Author: John Elder Robison
Rating: 7 out of 10
Reviewer: Ying-yue Zhao
Ever wondered what the world looked like to other people? I think all of us have gone through rough times when we felt like we didn’t fit in and/or no one understands us (aka adolescence), but what if your mind was really wired differently? John Elder Robison’s autobiography provides some insight into what it was like to grow up with Asperger’s syndrome (an Autism Spectrum Disorder). What was more intriguing is the fact that he was not diagnosed until he was in his forties.
The book starts by depicting Robison’s childhood, detailing failed yet humorous social exchanges with other children: “At recess, I walked over to Chuckie and patted her on the head. My mother had shown me how to pet my poodle on the head to make friends with him… Smack! She hit me. Startled, I ran away. That didn’t work, I said to myself. Maybe I have to pet her a little longer to make friends. I can pet her with a stick so she can’t smack me. But the teacher intervened“.
Having parents who also had issues did not help the awkwardness: his father was an alcoholic professor who had an affair and his mother was a housewife who had semi-regular mental breakdowns. By the time that the author was a teenager, he was labelled everything from “a weird screwed-up kid” to “social deviant” yet he scored highly on IQ tests. Some of the pranks he played on others when he was young were elaborate and disturbing (he staged a hanging of a mannequin and then spied on the police), it showed that he was bright but bored and misdirected. Fortunately, his talent for understanding how things worked led to his success in electronics and engineering.
Robison’s career has varied from being a sound and special effects engineer for the band KISS, to being a executive clumsily climbing the corporate ladder, to being the owner of an auto repair business that specialises in high-end luxury cars. The anecdotes about his past mischief were gutsy and entertaining, he has been in jail with a bunch of druggie musicians, camped in the woods with a hermit war veteran and customised guitars with smoke bombs.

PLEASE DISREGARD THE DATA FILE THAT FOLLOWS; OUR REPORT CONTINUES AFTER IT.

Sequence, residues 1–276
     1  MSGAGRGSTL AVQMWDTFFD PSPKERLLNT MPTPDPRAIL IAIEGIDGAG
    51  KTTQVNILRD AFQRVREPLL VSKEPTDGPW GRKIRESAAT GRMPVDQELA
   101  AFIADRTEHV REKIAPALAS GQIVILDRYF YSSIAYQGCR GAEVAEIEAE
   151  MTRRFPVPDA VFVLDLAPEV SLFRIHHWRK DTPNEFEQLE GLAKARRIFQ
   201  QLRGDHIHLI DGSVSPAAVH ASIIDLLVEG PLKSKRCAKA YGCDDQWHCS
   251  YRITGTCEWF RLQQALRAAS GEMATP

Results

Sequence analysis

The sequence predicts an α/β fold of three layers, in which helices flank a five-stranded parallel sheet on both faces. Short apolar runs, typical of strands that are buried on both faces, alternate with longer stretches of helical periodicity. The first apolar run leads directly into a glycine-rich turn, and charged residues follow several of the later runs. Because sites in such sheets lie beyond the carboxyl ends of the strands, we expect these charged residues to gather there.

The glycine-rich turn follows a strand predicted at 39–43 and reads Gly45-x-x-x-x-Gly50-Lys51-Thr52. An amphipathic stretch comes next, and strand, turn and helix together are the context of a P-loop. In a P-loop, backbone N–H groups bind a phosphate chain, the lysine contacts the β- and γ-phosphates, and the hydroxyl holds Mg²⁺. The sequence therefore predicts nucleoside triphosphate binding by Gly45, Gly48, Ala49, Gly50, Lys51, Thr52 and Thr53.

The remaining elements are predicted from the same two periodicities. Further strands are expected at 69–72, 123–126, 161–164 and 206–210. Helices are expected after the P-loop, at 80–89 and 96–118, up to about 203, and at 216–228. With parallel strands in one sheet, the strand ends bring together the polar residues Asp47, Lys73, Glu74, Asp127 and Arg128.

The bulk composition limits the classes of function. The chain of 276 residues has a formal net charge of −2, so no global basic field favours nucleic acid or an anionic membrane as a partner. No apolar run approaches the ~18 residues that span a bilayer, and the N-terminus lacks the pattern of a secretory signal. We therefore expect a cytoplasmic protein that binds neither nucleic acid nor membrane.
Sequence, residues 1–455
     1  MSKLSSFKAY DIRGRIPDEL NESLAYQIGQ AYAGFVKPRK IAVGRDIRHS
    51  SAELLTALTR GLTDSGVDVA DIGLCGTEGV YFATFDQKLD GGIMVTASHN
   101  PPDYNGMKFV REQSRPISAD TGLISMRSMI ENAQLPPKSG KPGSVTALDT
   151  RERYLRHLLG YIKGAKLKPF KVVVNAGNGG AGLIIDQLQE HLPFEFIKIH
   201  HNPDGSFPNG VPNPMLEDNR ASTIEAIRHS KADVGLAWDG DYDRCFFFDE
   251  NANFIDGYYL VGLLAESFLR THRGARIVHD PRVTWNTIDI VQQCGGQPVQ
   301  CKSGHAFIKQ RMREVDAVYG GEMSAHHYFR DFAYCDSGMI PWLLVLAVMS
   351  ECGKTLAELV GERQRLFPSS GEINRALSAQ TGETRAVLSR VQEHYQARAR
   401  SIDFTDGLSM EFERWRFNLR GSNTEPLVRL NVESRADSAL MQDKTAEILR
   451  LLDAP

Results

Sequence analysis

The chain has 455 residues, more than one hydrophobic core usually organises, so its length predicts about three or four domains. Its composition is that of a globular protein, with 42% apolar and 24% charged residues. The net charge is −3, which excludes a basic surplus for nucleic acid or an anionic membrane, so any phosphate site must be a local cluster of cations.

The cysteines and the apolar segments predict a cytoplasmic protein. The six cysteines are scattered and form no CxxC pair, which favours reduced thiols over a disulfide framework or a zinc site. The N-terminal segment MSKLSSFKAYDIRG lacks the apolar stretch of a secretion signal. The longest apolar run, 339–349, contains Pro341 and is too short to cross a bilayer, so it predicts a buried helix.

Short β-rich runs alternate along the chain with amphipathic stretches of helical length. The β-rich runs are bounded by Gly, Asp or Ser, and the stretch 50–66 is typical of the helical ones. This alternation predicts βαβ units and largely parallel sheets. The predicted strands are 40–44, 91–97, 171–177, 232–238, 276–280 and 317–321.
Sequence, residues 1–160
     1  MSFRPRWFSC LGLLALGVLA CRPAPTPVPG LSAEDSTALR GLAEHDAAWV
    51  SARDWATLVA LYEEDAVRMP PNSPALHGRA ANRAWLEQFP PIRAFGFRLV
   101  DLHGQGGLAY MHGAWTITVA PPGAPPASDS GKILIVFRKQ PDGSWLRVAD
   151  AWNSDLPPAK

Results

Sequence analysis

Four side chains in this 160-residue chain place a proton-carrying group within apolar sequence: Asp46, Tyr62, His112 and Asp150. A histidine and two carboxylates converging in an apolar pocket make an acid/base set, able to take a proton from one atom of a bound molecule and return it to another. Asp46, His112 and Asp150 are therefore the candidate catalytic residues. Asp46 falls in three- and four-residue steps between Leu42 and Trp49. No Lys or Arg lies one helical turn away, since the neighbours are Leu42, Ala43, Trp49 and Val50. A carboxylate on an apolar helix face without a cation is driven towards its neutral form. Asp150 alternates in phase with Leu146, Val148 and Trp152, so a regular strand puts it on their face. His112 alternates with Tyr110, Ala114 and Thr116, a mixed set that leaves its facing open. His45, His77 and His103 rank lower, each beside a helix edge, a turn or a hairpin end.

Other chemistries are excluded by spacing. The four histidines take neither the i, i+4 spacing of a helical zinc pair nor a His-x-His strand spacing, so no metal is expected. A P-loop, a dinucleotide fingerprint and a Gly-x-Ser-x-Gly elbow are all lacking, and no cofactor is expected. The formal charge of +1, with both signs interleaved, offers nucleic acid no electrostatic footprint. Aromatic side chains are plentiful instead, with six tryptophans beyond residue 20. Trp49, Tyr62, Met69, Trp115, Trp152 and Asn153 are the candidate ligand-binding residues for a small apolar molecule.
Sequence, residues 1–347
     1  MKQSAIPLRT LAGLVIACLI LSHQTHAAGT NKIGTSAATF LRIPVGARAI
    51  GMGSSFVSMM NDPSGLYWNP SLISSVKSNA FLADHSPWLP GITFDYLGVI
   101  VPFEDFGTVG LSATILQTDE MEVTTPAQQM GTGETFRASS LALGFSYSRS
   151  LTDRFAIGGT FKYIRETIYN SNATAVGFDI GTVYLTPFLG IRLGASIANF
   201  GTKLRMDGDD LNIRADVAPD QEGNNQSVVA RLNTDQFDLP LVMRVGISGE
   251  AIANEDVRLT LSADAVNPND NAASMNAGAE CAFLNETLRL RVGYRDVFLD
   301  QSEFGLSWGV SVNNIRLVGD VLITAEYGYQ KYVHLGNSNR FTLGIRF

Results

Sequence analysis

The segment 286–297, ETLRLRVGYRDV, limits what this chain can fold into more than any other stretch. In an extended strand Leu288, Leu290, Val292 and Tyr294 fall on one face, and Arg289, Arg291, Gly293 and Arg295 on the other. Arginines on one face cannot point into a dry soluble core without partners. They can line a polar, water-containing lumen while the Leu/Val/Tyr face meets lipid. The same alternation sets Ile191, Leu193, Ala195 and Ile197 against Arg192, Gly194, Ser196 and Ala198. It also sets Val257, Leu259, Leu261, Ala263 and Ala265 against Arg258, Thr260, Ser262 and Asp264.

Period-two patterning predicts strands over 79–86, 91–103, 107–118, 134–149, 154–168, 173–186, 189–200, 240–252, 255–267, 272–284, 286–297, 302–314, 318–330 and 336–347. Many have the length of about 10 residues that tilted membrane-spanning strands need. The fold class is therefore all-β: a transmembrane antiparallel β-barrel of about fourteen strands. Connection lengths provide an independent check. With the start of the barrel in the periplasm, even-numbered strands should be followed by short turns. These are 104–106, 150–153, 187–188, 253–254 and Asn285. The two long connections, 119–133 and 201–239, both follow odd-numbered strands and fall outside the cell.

One of the main characteristics of someone who has Asperger’s syndrome is having difficulties dealing with social interactions. The inability to successfully use non-verbal behavioural cues such as eye-to-eye contact, appropriate facial expressions and body language is common. The title of the book “Look me in the eye” is a familiar phrase that the author heard while growing up; people would often interpret his reluctance to look them in the eyes as him hiding something or being dishonest.
The style of writing was easy to read although occasionally the author would go off into a tangent with intricate technical detail, which did get a bit annoying but it was understandable. Robison was successful in expressing his thought patterns and emotions in his writing. Having been a psychology student, I really appreciated reading a first hand account of a mental disorder. I had learnt about Asperger’s syndrome in the DSM-IV (the diagnostic bible for psychological disorders), the descriptions were dry and unexciting; it was a definite contrast to this very personal account.
Despite the set backs, there are plenty of successful Aspergians (Robison’s term for people with Asperger’s) out there: Heather from Season 9 of America’s Next Top Model as well as Animal Science Pioneer Temple Grandin. Although I haven’t yet read “The Curious Incident of the Dog at Night-time” by Mark Haddon, I have been told that it was excellent and the 15-year-old protagonist from that book has Asperger’s. In the author’s note at the beginning of the book John Elder Robison stated “I hope this book demonstrates once and for all that however robotic we Aspergians might seem, we do have deep emotions”. He certainly did.
Causes John Robison Supports
I support Asperger and autism advocacy groups. I also support the University of Massachusetts